16. Pingback: Thoughtcrime Does Not Entail Missing Your Connecting Flight. Thoughtcrime *is* Missing Your Connecting Flight. « Andrew J. Patrick

  17. And that way leads to tyranny.

    Who says we’re not already there?

  18. More (with video!) from DrSanity.

  19. If you peruse DrSanity, you come across this:

    …the FBI — following the administration’s lead — is purging its training materials of publications that are deemed offensive to Muslims (you know, crazy stuff like claims that passages in the Koran and Hadith promote violent jihad, Islamic supremacism, killing of apostates, oppression of women, etc.). So what are the criteria the Bureau uses to figure out what materials are offensive? And who decides?

    You’ll never guess. Steve, who has been talking to some mighty outraged law-enforcement officials, writes:

    It was just revealed two days ago that FBI Director Mueller secretly met on February 8 at FBI headquarters with a coalition of groups including various Islamist and militant Arabic groups who in the past have defended Hamas and Hizballah and have also issued blatantly anti-Semitic statements. At this meeting, the FBI revealed that it had removed more than 1000 presentations and curricula on Islam from FBI offices around the country that was deemed “offensive.” The FBI did not reveal what criteria was used to determine why material was considered “offensive” but knowledgeable law enforcement sources have told the IPT that it was these radical groups who made that determination. Moreover, numerous FBI agents have confirmed that from now on, FBI headquarters has banned all FBI offices from inviting any counter-terrorist specialists who are considered “anti-Islam” by Muslim Brotherhood front groups.

    Holy Sharia, Batman! Even our FBI is infected with this PC idiocy.

  20. A Muslim security guard had purportedly overheard his comment and said that she was offended as a result.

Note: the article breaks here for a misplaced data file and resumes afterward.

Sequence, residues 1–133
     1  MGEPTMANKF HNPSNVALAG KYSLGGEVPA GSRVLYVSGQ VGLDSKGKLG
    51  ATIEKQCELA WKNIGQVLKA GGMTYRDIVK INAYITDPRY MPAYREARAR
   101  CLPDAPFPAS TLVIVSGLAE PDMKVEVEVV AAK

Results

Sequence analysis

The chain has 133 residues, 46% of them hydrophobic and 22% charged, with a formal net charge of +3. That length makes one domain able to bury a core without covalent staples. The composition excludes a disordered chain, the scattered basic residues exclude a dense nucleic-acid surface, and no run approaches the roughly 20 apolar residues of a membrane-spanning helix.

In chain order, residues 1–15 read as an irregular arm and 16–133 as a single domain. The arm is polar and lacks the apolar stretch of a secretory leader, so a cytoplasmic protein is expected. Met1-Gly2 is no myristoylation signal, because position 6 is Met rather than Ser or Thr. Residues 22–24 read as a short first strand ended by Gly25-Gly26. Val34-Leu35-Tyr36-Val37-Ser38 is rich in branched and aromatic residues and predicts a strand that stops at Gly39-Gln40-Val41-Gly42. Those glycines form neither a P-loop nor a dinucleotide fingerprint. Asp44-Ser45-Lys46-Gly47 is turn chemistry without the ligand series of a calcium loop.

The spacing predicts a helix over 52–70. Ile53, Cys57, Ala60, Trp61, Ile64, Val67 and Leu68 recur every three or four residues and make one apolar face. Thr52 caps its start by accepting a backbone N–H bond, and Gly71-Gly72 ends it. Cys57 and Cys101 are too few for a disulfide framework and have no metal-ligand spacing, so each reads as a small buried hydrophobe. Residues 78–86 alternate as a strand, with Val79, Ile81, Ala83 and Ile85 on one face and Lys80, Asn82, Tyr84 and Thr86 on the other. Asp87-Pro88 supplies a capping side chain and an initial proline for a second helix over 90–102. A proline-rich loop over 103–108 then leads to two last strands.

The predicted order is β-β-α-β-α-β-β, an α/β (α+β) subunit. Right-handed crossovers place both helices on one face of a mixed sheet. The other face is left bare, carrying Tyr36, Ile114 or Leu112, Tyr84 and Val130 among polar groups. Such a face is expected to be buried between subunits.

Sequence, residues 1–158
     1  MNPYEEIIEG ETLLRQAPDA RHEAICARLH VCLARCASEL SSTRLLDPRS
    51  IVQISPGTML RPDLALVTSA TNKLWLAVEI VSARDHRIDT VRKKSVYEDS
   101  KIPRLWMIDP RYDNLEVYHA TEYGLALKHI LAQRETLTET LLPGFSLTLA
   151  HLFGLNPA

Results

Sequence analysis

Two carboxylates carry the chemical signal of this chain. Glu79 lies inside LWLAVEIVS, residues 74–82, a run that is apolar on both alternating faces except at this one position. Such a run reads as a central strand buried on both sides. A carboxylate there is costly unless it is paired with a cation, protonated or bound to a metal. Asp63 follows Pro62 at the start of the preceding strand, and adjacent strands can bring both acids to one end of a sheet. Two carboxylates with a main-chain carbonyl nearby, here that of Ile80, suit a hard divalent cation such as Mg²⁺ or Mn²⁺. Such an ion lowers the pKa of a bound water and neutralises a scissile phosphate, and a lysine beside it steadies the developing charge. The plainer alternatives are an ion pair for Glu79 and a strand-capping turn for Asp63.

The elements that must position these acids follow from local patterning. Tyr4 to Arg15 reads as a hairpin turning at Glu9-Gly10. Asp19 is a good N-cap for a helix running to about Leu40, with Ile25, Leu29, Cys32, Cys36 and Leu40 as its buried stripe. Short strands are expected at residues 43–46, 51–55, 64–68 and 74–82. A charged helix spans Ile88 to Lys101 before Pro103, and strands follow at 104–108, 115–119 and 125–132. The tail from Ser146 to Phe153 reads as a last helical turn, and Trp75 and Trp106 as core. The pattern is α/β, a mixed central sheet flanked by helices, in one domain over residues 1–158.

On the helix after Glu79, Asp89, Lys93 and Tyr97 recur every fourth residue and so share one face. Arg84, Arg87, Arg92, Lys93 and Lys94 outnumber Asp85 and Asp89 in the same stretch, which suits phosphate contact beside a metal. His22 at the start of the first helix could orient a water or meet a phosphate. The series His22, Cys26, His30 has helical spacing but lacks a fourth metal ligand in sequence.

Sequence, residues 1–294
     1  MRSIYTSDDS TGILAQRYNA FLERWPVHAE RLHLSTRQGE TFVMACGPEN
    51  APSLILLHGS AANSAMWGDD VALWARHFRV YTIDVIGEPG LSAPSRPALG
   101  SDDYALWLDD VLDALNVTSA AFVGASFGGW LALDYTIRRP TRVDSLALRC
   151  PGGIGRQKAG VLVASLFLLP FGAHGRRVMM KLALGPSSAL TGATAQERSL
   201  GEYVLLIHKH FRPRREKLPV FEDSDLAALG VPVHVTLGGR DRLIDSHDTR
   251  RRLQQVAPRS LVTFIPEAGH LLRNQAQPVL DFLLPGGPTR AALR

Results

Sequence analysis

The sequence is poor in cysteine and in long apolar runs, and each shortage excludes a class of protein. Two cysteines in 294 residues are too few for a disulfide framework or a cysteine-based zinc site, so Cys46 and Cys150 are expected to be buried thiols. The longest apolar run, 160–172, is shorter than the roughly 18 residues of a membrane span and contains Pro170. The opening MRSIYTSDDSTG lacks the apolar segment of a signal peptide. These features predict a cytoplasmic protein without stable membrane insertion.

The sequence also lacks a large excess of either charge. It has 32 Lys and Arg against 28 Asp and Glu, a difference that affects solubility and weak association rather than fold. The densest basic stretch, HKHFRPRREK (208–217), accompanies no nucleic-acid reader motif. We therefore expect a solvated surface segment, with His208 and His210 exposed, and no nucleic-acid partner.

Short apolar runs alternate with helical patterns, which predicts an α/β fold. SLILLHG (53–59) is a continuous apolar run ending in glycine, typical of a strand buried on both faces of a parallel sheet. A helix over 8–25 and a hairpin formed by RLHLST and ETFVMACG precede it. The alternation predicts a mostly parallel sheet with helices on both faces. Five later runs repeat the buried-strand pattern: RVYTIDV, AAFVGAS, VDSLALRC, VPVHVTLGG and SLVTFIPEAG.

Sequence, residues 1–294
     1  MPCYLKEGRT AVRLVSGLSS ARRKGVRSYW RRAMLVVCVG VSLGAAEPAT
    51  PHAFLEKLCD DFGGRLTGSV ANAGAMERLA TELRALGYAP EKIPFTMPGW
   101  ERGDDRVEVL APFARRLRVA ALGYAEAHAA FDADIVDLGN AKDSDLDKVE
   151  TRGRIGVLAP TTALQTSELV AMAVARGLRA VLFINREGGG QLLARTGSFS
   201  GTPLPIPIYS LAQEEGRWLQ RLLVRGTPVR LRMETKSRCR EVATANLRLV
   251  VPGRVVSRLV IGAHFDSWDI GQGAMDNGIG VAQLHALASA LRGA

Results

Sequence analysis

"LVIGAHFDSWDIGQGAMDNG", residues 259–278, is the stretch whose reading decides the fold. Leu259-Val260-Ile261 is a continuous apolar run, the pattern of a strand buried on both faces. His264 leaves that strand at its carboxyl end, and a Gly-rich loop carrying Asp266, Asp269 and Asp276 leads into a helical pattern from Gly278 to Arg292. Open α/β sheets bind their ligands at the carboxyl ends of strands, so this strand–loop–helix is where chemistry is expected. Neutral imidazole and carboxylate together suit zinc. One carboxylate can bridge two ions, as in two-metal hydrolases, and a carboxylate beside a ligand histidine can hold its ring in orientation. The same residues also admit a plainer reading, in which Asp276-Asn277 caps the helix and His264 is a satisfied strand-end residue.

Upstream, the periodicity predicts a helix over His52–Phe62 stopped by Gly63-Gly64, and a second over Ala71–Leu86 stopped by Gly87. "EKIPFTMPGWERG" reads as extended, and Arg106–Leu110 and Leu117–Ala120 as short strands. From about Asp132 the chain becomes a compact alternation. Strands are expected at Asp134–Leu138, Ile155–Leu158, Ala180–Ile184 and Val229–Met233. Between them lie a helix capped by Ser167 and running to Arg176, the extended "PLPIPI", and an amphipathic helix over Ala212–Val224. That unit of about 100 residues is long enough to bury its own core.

I believe that proper followup to that comment is “blow me”, but that’s probably not helpful.

  21. Slightly OT: The Rotten Tomatoes summary for Act of Valor.

    It’s undeniably reverent of the real-life heroes in its cast, but Act of Valor lets them down with a clichéd script, stilted acting, and a jingoistic attitude that ignores the complexities of war.

    Translation: The non-actors couldn’t act, and they didn’t Blame America First, let alone at all.

    Critics gave it a 30%; Audiences 85%

    What cultural elite?

  22. Complexities of war = there are no good guys or bad guys.

  23. I believe that proper followup to that comment is “blow me”, but that’s probably not helpful.

    That only works on middle-upper class white chicks who are offended on a third party’s behalf.

    As in :”I’m offended that your offended” and “Who are you to judge me by my race and gender like that. Y’know, I can’t help that I was born a white heterosexual male!”

    Keep pressing the attack until she starts to apologize, and then suggest how she might go about showing you she’s sincere about wanting to make amends.

  24. Racist now equals insensitive+identity group

    Back in the ’90s, a racist was someone who was winning an argument with a liberal.

  25. That only works on middle-upper class white chicks who are offended on a third party’s behalf.

    Am I the only one who thinks Ben & Jerry’s® response to the flap over fortune cookie pieces in their Lin-Sanity flavor should have been, “It’s not your name on the ice cream, it’s his. If Mr. Lin has an objection he is certainly capable of speaking for himself, and if he wants us to change the recipe or do something else, we will entertain such a request. From him. You, however, can go fluck yourselves.”

  26. McGehee, I think “You, however, can go fuck yourselves” should be used much more often. It does little good to try to engage in reason with an opponent who doesn’t.

  27. Next time I am asked my race I’m going to put down “agnostic”.

  28. From Geoffb’s link:

    “As you will see, Judge Martin did not lecture the defendant about free speech or how disputes are resolved in a civilized country. He instead dressed the victim down for failing to appreciate how sensitive Muslims — including the judge himself — are about Islam.”

    So in Judge Martin’s eyes I’m perfectly entitled to apply some Dad gum Danger-fu on Louis Farrakhan because of how sensitive I am about being referred to as a racist and a sociopath .

    This is good to know.